TThe girl in cobalt blue was completely unexpected—seeing her was like finding a Picasso at a swap meet. She wore high blue-suede boots and a short matching trench coat, cinched tight around her narrow waist. I saw that she was Indian as she brushed past the little knot of drunks trading drinking secrets on that Duluth corner. They too, seemed startled by her beauty and tried vainly to get her attention. She responded with a laugh: “Oh, go away, you old motherfuckers.”
Hearing a woman’s voice, however, she stopped when I called out, “Hey girl!” As she turned and faced me, I saw that she was beautiful. Her classic Lakota features, however, were on the brink of corruption. She had the kind of drunken eyes I know well, having seen them in the faces of my relatives since I was a child. Eyes like those come from too many binges, the kind that last for weeks or months.
I introduced myself and told her of my work writing about sex trafficking. “Well, I can tell you everything about it. Come with me while I gather my things,” she said briskly. There was something authoritative about this regal young woman, so my legs, seeming to have developed a mind of their own, followed her into the adult bookstore. The burly deskmen were too startled to object as we passed by them.
We breezed past the shelves of sex toys and magazines to the rear of the store, where a row of phone booth–size rooms stood with the words live girls displayed in flashing lights. Each booth had an old-fashioned telephone headset that made a harsh whirring alert noise when the receiver was lifted. In response, a girl would emerge from behind a filthy sheet and sit on a little bar stool separated from customers by a sheet of clear plastic. There were slots for money, $5, $10 and $20.
This was her workplace. I could hear women’s voices from an area behind the booths as I waited for her. Their bold laughing was muffled as it mixed with various sexual moans and groans emerging from other private areas in the store where videos were being shown.
She ordered her drink as if she were royalty, accustomed to the fulfillment of her every whim. “A large decaf mocha, child’s temperature, two ice cubes and no whipped cream,” she instructed the waitress haughtily. After some argument, she allowed me to pay for her coffee.
Her name was Debra. Although very intoxicated, she exuded refinement and pride, and she clearly wanted me to know that she was so much more than a girl who sat in a Live Girls! booth in a dirty bookstore in Duluth and took her clothes off for money. She looked to be her mid 20s. I was completely disarmed by this rare spirit who could display such courage in the face of her grim reality. “I want you to tell my story,” she half-begged, half-instructed me. “How shall we proceed?”
Debra told me she was Oglala Lakota. She pronounced it like someone who knew the language. A descendent of the great chief Sitting Bull, she came to Duluth from the Southwest to find her mother, whom she had never met. The meeting must have been a profound disappointment, because Debra soon relapsed into alcohol and drugs that led to another stint in rehab. I learned that she had a long struggle with addiction and mental health problems.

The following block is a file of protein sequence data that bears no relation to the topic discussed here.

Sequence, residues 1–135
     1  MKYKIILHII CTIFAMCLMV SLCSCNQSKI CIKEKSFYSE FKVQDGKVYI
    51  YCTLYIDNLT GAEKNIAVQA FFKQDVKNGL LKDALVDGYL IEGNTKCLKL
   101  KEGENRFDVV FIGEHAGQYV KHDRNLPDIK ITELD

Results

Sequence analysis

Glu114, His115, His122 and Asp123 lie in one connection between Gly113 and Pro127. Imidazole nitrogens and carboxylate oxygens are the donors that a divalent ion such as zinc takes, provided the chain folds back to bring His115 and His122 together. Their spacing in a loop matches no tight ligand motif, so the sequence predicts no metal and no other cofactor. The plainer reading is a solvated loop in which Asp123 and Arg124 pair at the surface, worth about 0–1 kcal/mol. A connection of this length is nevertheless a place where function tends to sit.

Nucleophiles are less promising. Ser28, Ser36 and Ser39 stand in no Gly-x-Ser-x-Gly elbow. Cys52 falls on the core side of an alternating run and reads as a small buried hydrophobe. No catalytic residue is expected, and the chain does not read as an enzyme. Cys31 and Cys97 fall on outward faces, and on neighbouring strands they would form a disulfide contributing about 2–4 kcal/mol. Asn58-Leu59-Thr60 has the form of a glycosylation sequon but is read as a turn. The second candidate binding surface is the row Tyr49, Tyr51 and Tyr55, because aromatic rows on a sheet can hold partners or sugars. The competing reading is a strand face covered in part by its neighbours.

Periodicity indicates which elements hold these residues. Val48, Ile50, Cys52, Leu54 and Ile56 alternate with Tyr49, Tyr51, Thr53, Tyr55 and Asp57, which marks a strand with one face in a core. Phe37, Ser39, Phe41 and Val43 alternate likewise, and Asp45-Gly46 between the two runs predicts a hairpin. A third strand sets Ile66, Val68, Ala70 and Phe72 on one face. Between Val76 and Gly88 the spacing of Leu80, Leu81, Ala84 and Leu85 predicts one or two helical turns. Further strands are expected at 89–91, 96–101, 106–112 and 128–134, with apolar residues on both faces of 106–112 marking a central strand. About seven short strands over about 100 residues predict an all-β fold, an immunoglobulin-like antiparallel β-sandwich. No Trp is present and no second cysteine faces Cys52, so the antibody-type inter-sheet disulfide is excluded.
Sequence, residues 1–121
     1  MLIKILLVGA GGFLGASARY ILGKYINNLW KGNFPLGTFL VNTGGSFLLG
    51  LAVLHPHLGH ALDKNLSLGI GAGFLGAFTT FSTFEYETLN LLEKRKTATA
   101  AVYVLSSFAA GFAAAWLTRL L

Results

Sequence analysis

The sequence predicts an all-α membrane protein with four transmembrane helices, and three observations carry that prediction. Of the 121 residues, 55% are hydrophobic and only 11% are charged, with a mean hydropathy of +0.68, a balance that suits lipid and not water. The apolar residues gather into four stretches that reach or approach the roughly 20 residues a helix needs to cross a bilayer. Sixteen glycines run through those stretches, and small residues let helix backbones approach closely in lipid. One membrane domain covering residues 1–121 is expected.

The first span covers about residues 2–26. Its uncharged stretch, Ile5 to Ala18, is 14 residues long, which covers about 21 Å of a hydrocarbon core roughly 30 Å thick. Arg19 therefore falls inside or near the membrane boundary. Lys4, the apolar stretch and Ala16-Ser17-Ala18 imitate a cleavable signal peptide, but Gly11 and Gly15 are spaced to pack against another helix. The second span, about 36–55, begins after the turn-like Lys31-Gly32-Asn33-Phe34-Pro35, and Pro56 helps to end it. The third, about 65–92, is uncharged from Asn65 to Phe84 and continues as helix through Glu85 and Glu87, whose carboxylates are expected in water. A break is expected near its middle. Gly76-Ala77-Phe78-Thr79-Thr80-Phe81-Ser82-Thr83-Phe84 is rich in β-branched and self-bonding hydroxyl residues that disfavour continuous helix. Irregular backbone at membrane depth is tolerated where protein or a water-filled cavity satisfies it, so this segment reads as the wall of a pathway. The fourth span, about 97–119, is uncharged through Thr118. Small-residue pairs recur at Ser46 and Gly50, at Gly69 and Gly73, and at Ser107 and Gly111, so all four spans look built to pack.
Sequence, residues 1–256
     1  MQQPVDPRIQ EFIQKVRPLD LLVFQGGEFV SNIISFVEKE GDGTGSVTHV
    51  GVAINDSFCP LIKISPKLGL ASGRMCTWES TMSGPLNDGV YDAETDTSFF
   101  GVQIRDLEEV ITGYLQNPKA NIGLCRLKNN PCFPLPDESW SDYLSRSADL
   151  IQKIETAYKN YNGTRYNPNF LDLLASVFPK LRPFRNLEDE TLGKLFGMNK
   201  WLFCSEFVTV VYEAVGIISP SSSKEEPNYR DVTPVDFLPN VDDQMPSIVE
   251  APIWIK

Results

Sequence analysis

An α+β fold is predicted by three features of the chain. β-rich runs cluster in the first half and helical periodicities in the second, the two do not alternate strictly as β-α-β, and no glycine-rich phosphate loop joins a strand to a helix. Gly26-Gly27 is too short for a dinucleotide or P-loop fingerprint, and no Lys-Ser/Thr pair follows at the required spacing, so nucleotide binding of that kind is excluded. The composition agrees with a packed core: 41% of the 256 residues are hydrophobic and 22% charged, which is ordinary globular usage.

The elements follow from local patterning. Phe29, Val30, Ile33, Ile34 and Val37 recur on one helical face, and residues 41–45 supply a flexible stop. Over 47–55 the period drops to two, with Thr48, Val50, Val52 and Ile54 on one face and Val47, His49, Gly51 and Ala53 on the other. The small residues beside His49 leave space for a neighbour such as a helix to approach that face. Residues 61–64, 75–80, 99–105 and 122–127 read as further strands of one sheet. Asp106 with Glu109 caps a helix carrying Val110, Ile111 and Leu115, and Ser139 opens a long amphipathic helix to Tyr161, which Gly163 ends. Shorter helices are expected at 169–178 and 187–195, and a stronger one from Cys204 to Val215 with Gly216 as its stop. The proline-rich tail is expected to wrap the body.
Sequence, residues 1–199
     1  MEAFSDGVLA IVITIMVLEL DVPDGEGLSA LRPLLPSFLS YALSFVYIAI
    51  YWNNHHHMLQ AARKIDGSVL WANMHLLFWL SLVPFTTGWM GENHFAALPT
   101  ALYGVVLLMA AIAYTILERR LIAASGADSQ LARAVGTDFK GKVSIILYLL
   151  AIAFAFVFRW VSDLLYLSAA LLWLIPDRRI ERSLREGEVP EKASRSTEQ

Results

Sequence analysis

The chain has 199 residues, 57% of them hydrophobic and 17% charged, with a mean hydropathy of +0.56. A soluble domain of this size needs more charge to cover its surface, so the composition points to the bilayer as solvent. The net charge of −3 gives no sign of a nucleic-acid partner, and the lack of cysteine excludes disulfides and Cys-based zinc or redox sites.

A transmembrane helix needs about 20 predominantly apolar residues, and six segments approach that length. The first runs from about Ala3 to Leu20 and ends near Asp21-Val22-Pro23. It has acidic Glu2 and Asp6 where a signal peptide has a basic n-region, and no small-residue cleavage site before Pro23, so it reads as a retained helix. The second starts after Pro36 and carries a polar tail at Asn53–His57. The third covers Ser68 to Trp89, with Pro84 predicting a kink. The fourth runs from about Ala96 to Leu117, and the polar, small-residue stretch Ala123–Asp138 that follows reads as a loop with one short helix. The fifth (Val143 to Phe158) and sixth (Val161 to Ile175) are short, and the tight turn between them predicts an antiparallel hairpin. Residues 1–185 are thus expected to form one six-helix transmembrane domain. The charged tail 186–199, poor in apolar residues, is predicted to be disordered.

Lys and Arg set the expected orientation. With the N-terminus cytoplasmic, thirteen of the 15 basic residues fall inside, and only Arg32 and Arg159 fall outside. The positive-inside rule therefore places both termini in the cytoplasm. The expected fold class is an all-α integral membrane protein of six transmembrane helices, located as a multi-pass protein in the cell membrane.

Her story spilled out in a chaotic, poetic stream of consciousness that was riveting. Being with her was almost like being at ceremony—I was silenced into listening and being witness to whatever this remarkable girl wanted to tell me.
“My family thinks I’m working as an antiques dealer,” she said, telling stories of her expertise in appraising oriental rugs and other antiquities worth thousands of dollars while working in the Southwest. “I know my textiles,” she said, adding that she often advised local antique shop owners in the pricing of their wares. “I’m just here trying to hold everything together.
During our chat, she made numerous trips to the restroom. I saw that she had a bottle of vodka in her purse. “Excuse me, I just need a shot,” she said briskly. She held her head erect as she teetered back to the restroom on those high heels.
She gave me the letter. It was a painful screed of anger and hurt toward a father who had wronged and disappointed her in some unnamed way. Later I saw that the writing scrawled off into huge letters as she changed from pen to marker, underscoring obscenities. It looked as though she stabbed the pages with her marker as she wrote, “I hate you, you’re garbage, you’re a piece of shit, get fucked, etc.”
One page contained the beginning of a letter to a beloved uncle, “Dear Unk, you are my fave relative. My heart is still broken from when I had to call the cops on my dad. Grandmommy cried on the edge of her bed for two hours.… Please put food and tobacco under my tree when I’m dead.”
After a moment of stunned silence, I began to laugh. Then we laughed together, that loud gravely Indian woman laugh that comes in waves and makes one stagger. Our Indian woman laugh scoured our souls of all the phony niceties and promises from the white man’s world, and I thanked the Creator for it.
Later, when we parted, she extended her hand to me as though she expected me to kiss it. I briefly considered offering her money but sensed it would have been a terrible insult. Instead, I said, “Debra, it has been an honor.”